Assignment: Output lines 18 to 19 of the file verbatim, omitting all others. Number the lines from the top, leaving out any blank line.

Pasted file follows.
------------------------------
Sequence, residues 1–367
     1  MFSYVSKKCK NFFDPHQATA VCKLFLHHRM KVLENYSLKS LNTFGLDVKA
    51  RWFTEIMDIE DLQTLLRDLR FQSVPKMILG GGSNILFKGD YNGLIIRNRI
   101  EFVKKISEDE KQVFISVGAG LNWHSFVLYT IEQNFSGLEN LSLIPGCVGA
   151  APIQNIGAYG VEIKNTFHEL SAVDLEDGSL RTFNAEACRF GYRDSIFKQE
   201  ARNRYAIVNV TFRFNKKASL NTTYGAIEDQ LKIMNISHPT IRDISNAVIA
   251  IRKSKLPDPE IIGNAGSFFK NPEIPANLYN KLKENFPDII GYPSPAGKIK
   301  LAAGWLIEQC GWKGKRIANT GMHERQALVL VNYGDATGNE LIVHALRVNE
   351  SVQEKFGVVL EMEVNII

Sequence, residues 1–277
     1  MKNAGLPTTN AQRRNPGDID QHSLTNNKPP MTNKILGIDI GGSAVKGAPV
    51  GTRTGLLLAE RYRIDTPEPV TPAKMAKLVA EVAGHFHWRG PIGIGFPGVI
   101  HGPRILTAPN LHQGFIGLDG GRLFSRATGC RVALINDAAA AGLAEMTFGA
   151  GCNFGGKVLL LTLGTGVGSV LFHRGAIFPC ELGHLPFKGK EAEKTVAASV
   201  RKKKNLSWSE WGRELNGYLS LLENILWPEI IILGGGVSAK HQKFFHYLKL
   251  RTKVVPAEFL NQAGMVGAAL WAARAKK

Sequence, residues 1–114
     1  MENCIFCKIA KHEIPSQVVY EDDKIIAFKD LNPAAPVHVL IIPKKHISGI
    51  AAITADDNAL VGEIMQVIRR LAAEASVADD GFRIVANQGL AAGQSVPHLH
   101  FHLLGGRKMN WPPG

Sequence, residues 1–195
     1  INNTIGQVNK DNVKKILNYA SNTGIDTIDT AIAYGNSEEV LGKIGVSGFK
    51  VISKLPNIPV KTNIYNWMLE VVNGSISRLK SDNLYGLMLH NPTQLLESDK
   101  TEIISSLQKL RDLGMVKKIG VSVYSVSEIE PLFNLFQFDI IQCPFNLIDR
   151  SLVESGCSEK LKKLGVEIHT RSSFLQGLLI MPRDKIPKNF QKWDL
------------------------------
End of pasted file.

     1  MENCIFCKIA KHEIPSQVVY EDDKIIAFKD LNPAAPVHVL IIPKKHISGI
    51  AAITADDNAL VGEIMQVIRR LAAEASVADD GFRIVANQGL AAGQSVPHLH